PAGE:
The UK Cleantech Sector Receives £18 Million Shot in the Arm

Oct 20 2009 | 11:32am ET

The Carbon Trust has announced that it will inject up to £18 million in additional funding into the UK clean energy sector, providing a much needed ‘shot in the arm’ for cleantech start-ups and Britain’s move to a low carbon economy. The additional money has been provided by the Department of Energy and Climate Change. 
 
The new funding represents more than a quarter of the UK’s entire VC clean energy investment last year, which stood at £66.5 million, the lowest level in over five years. The Carbon Trust plans to invest the new funds over the next 12-18 months.  
 
According to The Carbon Trust, the UK is currently developing a range of exciting technologies, including renewable energy sources such as fuel cells, photovoltaics, marine and wind power, as well as new forms of energy efficiency and demand management such as smart grid technology. In offshore wind and wave technologies, Carbon Trust analysis has found that the UK could generate up to £70 billion for the economy and almost 250,000 jobs by 2050.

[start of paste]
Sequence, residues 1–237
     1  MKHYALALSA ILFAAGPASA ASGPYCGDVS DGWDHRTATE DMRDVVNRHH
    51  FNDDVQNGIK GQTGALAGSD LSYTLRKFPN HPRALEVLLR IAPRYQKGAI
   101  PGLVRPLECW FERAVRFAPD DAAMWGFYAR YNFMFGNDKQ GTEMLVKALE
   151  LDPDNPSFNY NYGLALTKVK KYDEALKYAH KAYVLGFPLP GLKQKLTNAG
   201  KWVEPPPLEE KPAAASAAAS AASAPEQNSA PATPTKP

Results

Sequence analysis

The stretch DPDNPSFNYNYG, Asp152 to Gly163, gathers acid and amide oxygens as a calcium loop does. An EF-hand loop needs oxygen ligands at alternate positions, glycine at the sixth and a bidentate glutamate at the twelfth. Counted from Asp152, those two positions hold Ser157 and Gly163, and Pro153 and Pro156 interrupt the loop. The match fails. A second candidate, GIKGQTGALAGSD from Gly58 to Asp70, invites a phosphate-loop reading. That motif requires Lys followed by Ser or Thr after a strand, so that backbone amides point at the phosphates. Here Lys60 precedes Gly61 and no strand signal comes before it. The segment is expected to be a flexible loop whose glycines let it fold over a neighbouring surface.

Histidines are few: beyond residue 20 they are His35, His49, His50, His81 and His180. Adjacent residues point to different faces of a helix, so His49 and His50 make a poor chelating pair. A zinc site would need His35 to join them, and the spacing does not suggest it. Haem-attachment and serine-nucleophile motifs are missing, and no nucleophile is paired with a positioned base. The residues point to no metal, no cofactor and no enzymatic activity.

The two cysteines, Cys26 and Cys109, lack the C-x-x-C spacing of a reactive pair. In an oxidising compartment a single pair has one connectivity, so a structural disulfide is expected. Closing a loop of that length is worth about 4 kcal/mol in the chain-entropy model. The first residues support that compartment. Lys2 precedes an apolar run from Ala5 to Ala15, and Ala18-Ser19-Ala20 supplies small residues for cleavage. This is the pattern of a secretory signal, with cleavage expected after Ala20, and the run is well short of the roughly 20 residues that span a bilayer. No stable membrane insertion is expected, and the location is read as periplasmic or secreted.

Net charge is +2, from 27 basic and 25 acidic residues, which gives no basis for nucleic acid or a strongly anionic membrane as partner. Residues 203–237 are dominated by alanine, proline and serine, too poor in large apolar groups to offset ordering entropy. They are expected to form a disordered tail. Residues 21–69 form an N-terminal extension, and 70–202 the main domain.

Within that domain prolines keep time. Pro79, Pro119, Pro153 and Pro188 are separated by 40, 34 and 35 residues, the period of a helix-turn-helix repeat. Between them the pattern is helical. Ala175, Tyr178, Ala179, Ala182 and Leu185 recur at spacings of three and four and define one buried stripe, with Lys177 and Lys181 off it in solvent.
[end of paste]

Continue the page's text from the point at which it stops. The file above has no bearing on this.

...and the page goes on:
Investment will focus on companies that offer prospects of a strong commercial return and, in particular, on those technologies where the UK has natural strength and potential to become a global leader.
 
“This cash injection will help safeguard the new generation of promising renewable technologies,” said Ed Miliband, secretary of state for energy and climate change. “Supporting green start-up companies with this capital means innovative ideas for low carbon energy will be able to make it out of the lab and into the future energy mix.”
 
 
The new funding comes hot on the heels of two significant new Carbon Trust investments. Separate investments into Plaxica, an Imperial College spin-out developing next generation biopolymers, and smart-grid management technology provider, RLtec, were made last week to enable further development of technologies which could play a significant role in reducing future carbon emissions.


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